Former Queens Borough President Claire Shulman died Sunday, Aug. 16, according to her family.
Shulman, 94, had been battling lung cancer and pancreatic cancer. She passed away in her home, surrounded by her children, Ellen Baker, and Larry and Linda Shulman.
Shulman was the first woman to be elected as Queens borough president, a position she held for 16 years, from 1986 until 2002, when she was term-limited. During that time, dozens of neighborhoods were rezoned, generating development which led to the economic revitalization of downtown Jamaica, Flushing and Long Island City.
As borough president, Shulman was pivotal in ensuring the progress of a number of cultural institutions, including the Queens Museum of Art, the New York Hall of Science, Queens Theatre in the Park and the Museum of the Moving Image.
She played a major role in securing funding for 35,000 additional school seats and the completion of the Queens Hospital Center, a $170 million complex serving 400,000 patients annually that is the largest health care provider in the borough.
Shulman’s public service began in 1955 with the Bayside Mother’s Club, the forerunner of the PTA.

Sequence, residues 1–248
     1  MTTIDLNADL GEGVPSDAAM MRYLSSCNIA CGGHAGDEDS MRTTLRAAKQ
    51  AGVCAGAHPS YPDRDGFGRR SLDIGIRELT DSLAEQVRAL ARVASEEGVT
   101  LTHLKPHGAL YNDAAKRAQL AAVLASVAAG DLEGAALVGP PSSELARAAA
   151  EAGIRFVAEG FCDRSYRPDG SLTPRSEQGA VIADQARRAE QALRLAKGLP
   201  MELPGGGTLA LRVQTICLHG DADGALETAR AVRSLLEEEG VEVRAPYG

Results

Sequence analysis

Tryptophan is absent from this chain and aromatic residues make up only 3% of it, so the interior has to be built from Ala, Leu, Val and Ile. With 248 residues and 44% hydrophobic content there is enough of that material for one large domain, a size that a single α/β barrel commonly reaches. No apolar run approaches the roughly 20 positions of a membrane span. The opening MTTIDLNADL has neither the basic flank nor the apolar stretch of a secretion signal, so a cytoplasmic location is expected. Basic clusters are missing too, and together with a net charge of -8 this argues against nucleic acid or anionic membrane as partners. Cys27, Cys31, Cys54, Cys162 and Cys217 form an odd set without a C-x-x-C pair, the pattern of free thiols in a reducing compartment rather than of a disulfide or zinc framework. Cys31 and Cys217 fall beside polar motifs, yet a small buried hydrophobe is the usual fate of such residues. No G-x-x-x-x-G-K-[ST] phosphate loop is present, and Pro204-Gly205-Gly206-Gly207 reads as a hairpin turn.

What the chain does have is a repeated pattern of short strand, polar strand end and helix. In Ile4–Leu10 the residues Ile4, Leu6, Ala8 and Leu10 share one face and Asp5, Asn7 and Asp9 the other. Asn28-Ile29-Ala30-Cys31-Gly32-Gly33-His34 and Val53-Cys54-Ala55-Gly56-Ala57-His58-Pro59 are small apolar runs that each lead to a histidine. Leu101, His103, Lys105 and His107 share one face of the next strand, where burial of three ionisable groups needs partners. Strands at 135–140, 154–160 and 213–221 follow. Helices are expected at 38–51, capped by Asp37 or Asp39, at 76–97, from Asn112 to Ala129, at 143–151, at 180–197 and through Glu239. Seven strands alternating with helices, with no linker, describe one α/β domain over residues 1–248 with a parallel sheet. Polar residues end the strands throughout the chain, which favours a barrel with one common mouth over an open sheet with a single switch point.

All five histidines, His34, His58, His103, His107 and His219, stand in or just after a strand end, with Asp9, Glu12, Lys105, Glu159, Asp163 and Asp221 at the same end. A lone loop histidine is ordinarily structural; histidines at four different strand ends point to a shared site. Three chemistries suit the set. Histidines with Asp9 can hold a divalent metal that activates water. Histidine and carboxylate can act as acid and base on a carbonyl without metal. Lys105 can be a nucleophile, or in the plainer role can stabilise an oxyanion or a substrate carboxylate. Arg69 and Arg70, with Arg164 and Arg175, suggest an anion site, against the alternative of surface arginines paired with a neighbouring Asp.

“I became the president because no one else wanted to do it,” Shulman told TimesLedger Newspapers in 2016. “I wanted to make sure my kids got a good education. Their school was very old and shabby. I told the Board of Ed I’d sue them for being slumlords and they weren’t familiar with the term.”
Her three children went on to great success. Her daughter Ellen, a Space Shuttle astronaut, flew three missions. They each possess Shulman’s can-do attitude.
Shulman has remained active in politics, having endorsed Donovan Richards in the 2020 race for Queens borough president, and also served as president and CEO of the Flushing Willets Point Corona Local Development Corporation.
Richards took to Twitter Monday morning to mourn the loss of “a good friend.”
I lost a good friend last night. Queens lost a true gem lastnight. Claire Schulman was one of a kind. Her commitment to building institutions and fostering opportunities for people from all walks of life in Queens can’t be overstated,” Richards tweeted.
“Her strength, tenacity, and persistence is why she led the borough of Queens, with honor and such distinction for nearly two decades. She made history as the first woman to hold the position,” he added. “In this rough and tumble business of politics, she managed to bring people together, even through disagreement. Because she understood that leadership was about improving the lives of everyday New Yorkers, but especially Queens residents.”
Richards said Schulman served as a mentor to him after he decided to run for Queens borough president in October.
“When I made the decision to run for borough president, I reached out to Claire for advice, mentorship and support,” he tweeted. “Our first meeting lasted nearly 5 hours at her kitchen table, where she proceeded to give me a history lesson on Queens. In her 90’s she was a walking encyclopedia.”
Richards said Schulman would text him every day to check in on his campaign and, upon learning he secured the Democratic nomination for borough president, “she was there for the entire ride.”